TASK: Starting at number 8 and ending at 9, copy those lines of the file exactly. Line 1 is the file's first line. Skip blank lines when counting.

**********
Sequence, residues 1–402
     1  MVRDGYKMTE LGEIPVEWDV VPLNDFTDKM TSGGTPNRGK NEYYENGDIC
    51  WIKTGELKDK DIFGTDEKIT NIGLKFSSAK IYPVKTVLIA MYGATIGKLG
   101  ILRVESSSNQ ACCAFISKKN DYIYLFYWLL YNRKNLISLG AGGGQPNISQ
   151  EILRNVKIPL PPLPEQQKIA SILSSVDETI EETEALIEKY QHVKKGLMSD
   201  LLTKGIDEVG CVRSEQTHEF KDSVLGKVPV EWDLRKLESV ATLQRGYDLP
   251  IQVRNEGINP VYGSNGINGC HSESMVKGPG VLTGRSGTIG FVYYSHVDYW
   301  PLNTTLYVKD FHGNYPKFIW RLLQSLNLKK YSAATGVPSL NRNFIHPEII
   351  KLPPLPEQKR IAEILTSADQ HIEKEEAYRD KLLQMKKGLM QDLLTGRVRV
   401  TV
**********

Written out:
   301  PLNTTLYVKD FHGNYPKFIW RLLQSLNLKK YSAATGVPSL NRNFIHPEII
   351  KLPPLPEQKR IAEILTSADQ HIEKEEAYRD KLLQMKKGLM QDLLTGRVRV